E S N 0 10 · LOG 10 ( π · E S 4 [ μ ^ z + C ( μ ^ z ) ] 2 ) ( dB ) [ Eq . 12 ]

For BPSK modulated signals, the BPSK adjustment unit 66 adjusts the output of the decibels conversion component 64 for low estimated values of ES/NO as follows: When the output of the conversion component 64 is less than 2 decibels, the BPSK adjustment unit 66 adjusts the output of the conversion component 64 by minus 1.2 decibels. When the output of the conversion component 64 is less than 3 decibels and not less than 2 decibels, the BPSK adjustment unit 66 adjusts the output of the conversion component 64 by minus 0.6 decibels. When the output of the conversion component 64 is less than 3.5 decibels and not less than 3 decibels, the BPSK adjustment unit 66 adjusts the output of the conversion component 64 by minus 0.4 decibels. For example, if the output of the conversion component 64 is 2.5 decibels, the output of the BPSK adjustment unit 66 is minus 1.9 decibels.

Each Eb/No adjustment unit 68, 68 a, provides an alternative estimated value of the SNR by processing the respective Es/No input signal in accordance with the formula:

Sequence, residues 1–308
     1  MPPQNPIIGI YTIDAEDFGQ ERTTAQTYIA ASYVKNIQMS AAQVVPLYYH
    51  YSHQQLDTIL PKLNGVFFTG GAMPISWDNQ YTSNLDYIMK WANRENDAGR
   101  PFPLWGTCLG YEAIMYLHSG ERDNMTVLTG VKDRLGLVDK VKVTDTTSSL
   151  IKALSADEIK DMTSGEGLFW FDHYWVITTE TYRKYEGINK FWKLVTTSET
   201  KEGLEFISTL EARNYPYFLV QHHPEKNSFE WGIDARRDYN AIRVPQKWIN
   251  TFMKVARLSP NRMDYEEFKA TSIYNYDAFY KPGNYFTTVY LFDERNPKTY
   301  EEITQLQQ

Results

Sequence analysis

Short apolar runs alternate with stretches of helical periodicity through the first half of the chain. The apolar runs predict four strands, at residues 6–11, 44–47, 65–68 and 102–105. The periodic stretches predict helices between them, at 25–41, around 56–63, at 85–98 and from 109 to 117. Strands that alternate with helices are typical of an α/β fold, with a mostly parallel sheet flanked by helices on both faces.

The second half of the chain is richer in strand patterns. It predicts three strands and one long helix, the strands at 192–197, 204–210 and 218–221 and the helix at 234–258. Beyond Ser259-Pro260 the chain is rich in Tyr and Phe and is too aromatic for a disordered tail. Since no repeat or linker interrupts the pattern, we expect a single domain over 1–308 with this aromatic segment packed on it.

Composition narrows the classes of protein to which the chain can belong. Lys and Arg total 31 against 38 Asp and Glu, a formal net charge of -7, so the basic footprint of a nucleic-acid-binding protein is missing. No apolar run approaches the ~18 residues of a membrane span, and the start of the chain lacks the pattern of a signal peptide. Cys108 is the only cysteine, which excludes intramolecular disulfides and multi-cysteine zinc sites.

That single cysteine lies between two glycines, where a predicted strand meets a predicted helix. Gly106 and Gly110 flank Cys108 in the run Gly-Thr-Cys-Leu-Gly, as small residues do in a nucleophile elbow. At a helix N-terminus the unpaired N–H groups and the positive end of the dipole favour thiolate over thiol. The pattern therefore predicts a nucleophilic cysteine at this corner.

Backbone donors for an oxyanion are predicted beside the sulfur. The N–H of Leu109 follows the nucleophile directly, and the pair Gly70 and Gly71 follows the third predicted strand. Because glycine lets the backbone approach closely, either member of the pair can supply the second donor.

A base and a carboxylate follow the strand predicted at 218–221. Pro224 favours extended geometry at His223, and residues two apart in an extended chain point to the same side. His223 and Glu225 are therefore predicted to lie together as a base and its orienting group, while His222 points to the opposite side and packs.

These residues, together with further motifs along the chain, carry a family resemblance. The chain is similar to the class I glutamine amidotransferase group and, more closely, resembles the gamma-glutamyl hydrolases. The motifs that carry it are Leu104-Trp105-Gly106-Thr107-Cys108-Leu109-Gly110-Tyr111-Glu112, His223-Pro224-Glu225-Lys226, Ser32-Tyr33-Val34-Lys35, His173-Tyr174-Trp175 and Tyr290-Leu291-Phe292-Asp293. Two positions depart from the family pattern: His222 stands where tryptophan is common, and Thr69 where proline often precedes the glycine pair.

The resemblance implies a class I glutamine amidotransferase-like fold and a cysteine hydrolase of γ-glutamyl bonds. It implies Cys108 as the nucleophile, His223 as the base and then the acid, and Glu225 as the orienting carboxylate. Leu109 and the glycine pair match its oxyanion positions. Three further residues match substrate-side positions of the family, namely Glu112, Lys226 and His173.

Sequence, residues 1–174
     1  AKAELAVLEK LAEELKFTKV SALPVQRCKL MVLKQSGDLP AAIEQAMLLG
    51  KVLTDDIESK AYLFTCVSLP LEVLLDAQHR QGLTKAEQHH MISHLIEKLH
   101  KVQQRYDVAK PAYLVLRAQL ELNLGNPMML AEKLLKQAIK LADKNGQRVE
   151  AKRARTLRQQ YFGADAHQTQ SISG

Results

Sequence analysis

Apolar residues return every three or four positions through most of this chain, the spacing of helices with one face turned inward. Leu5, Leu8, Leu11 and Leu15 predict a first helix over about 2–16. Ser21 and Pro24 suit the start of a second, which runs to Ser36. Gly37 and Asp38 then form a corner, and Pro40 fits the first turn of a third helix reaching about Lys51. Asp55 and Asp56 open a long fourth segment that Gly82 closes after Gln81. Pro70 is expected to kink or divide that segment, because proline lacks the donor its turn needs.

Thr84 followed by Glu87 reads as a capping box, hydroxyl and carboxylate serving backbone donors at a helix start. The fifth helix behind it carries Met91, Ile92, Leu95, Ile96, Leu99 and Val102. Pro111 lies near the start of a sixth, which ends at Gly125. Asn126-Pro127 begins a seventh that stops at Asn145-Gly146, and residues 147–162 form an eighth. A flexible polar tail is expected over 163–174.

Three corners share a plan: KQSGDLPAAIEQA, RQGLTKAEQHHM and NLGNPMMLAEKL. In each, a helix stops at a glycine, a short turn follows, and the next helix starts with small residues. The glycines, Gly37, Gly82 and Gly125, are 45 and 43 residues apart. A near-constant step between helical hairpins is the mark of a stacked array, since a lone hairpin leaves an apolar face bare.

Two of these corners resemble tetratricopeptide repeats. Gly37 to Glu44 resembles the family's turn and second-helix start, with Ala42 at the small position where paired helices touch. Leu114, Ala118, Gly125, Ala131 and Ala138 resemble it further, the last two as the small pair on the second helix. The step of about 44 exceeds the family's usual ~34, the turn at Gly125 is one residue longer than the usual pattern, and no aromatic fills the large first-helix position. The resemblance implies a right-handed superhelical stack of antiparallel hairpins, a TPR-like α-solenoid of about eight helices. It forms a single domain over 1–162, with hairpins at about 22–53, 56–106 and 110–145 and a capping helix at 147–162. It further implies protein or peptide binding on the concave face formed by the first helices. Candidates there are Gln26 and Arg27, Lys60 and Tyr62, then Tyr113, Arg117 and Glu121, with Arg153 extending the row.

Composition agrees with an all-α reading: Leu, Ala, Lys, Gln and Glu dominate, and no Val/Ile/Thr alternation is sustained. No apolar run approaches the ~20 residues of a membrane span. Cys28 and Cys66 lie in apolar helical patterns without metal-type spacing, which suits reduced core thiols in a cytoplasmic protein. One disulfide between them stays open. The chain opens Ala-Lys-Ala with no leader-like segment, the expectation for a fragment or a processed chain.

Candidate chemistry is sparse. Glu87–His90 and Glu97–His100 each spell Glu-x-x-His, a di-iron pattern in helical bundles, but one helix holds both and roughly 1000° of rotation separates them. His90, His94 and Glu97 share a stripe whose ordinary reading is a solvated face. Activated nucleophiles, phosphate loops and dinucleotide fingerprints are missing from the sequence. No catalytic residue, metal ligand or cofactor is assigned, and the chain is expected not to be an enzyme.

E b /N o =E s /N o−10 LOG10{# bits/symbol}+10 LOG10(R) (db)  [Eq. 13].
R is the code rate when forward error correction is used.

In various alternative embodiments, one or more of the decibels conversion component 64, the BPSK adjustment unit 66, the first Eb/No adjustment unit 68 and the second Eb/No adjustment unit 68 a may be omitted from the SNR estimation module 18 in accordance with the particular type of SNR estimation that is desired and/or the particular modulation of the received signal.

The system of the present invention is implemented in a computer, such as a digital signal processor. A computer readable medium, which is provided for use with the computer, contains program instructions for causing the computer to process the EVM in accordance with the formulas and equations described herein.

In one preferred embodiment, the SNR estimation system of the present invention is included in a modem (not shown) for estimating the SNR of a received signal that is demodulated by the modem.

FIG. 6 provides a first graph based on measured simulation data showing the correction term required to estimate a known SNR when using the method and system of the present invention for each of several different measured EVM values, and a second graph showing the correction term as a function the measured EVM. The graphs shown in FIG. 6 are for demodulated QPSK/OQPSK signals.